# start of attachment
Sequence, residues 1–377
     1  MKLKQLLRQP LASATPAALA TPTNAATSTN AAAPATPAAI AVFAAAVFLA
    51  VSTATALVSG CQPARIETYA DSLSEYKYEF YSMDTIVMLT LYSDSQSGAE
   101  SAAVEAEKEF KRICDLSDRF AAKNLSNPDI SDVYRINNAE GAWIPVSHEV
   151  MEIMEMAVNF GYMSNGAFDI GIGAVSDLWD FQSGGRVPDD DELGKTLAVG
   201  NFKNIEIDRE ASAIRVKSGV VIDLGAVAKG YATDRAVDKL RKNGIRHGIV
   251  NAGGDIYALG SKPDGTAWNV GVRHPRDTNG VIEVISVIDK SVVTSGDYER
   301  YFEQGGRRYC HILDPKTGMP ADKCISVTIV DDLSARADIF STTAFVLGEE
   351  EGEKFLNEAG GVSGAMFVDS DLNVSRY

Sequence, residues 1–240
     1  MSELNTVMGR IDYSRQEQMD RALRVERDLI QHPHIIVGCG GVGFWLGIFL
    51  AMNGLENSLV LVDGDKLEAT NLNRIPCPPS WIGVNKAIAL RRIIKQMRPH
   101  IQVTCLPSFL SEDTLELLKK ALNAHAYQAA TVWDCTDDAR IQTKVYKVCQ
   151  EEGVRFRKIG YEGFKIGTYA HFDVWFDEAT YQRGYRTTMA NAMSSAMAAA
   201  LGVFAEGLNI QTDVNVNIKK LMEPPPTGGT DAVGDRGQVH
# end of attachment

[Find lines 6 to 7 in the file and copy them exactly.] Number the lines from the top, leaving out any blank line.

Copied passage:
   201  NFKNIEIDRE ASAIRVKSGV VIDLGAVAKG YATDRAVDKL RKNGIRHGIV
   251  NAGGDIYALG SKPDGTAWNV GVRHPRDTNG VIEVISVIDK SVVTSGDYER